Issued 8 March 2015
Bob McDavitt's ideas for sailing around the South Pacific.
Disclaimer: Weather is a mix of pattern and chaos; these ideas are from the
First of all are any of you sailing from Australia to the islands of Papua
New Guinea or Solomons this year, especially around August/ September? If
so please read the article starting at page 36 on
http://thecoastalpassage.com.au/papers/tcp71.pdf This tells the story
of Hans Clemmensen on SV Seagoon in Cairns who is seeking yachts to help him
get solar panels to islanders in these areas. If you would like to help
then contact him on firstname.lastname@example.org, or read more on his websites
http://yachtseagoon.bravehost.com and blog on
The Atmosphere: The Southern Oscillation Index SOI (30 day running mean)
sums up the weather pattern over the South Pacific as one number. It is
based on the standardized difference in the barometer readings between
Tahiti and Darwin. It has been negative since last July but has risen to
take positive values in the past two weeks. Maybe this autumn will be like
There are two small tropical lows at present in the Indian Ocean and a weak
one near Marshall Islands, but the main tropical low worth watching is the
one that is presently named 93P or 11F, near 8S 170E , between Tuvalu and
Santa Cruz Islands.
This depression is still in the formative stage of becoming a Tropical
Cyclone and is expected to do so on Monday, and then affect Vanuatu on
Wednesday and Thursday and then go off to the SE.
This is likely to become a twin or triplet--cyclone event--- another cyclone
may form in the Coral Sea near the Australian coast by Wednesday and also
travel to SE, close to south side of New Caledonia by Monday 16th March.
And a third may briefly form off the NW Australian coast on Wednesday and
travel SW/S and fade by Saturday.
The rain map for the last week shows that the wettest area at present is in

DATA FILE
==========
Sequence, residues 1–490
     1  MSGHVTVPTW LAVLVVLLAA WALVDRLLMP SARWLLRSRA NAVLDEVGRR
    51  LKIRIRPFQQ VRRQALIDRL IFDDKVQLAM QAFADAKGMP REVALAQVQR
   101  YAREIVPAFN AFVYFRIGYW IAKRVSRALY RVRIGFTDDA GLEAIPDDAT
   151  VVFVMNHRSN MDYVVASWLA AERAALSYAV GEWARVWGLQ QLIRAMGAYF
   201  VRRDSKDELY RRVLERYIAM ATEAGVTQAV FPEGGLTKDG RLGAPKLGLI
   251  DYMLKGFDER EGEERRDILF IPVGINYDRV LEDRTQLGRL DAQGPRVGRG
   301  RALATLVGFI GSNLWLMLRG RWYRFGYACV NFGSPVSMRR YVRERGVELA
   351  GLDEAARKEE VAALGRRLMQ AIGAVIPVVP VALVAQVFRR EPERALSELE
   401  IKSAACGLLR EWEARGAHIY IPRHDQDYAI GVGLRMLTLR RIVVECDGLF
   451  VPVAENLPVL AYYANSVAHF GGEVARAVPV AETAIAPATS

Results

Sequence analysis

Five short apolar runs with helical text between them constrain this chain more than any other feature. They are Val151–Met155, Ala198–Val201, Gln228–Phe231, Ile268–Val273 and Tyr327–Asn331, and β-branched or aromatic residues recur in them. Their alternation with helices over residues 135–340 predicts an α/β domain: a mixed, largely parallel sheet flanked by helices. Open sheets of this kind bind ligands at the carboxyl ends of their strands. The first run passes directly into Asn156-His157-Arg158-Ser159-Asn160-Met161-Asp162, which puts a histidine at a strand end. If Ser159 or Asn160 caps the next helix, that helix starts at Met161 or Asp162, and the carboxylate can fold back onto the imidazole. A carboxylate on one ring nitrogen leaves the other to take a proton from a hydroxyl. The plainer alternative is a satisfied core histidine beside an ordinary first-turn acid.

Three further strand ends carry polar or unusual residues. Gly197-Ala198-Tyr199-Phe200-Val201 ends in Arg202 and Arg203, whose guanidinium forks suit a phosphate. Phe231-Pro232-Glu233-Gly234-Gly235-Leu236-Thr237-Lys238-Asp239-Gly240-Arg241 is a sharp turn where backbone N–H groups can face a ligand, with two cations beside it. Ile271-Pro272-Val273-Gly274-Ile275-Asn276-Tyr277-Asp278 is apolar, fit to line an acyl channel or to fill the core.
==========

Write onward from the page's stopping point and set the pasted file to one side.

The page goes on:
the Kiribati/Tuvalu area, with other rain maxima near Port Hedland (NW
Australia) and on west and east side of Madagascar.
During February the averaged isobars show a zone of high pressure zone
straddling from south Indian Ocean across NZ to west of the Andes: this is
the Subtropical ridge.
Looking at the anomaly map, As seen at http://www.esrl.noaa.
gov/psd/map/images/fnl/slp_30a.fnl.anim.html, shows that during February
there was often a blocking High between the Australia Bight and NZ. This
explains the recent light winds and dry weather. This pattern is now
changing, as shown this weekend, when a front from the southern ocean was
able to cross all of NZ (albeit briefly).
SPCZ=South Pacific Convergence zone.
SPCZ is expected to intensify during the coming week between Coral Sea and
Samoa and may trigger the formation of two tropical cyclones.
STR= Sub-tropical Ridge
A rather slack High pressure area I expected to cross NZ from Monday to
The next HIGH is expected to travel from Australian bight across Tasmania on
Friday and then stall in the Tasman Sea over the weekend, nicely placed to
help divert the tropical cyclone that may then be north of NZ off to the SE.
Mixed weather from Monday to Wednesday with reasonably light winds but a
scattering of showers in a weak ridge.
A front is expected to cross NZ on Thursday and Friday followed by a
southerly on Saturday, and then a SE flow over northern NZ on Sunday in time
for the Volvo restart, with strong southerly winds/big southerly swells
still lingering off the NZ east coast.
See my yotpak at boatbooks.co.nz/weather.html for terms used.
Weathergram text only (and translator) is at weathergram.blogspot.co.nz
Weathergram with graphics is at metbob.wordpress.com, click FOLLOW at bottom
right to subscribe. My website is at metbob.com Feedback to
email@example.com To unsubscribe, send a reply email saying LEAVE.
Bob McDavitt's ideas for sailing weather around the South pacific
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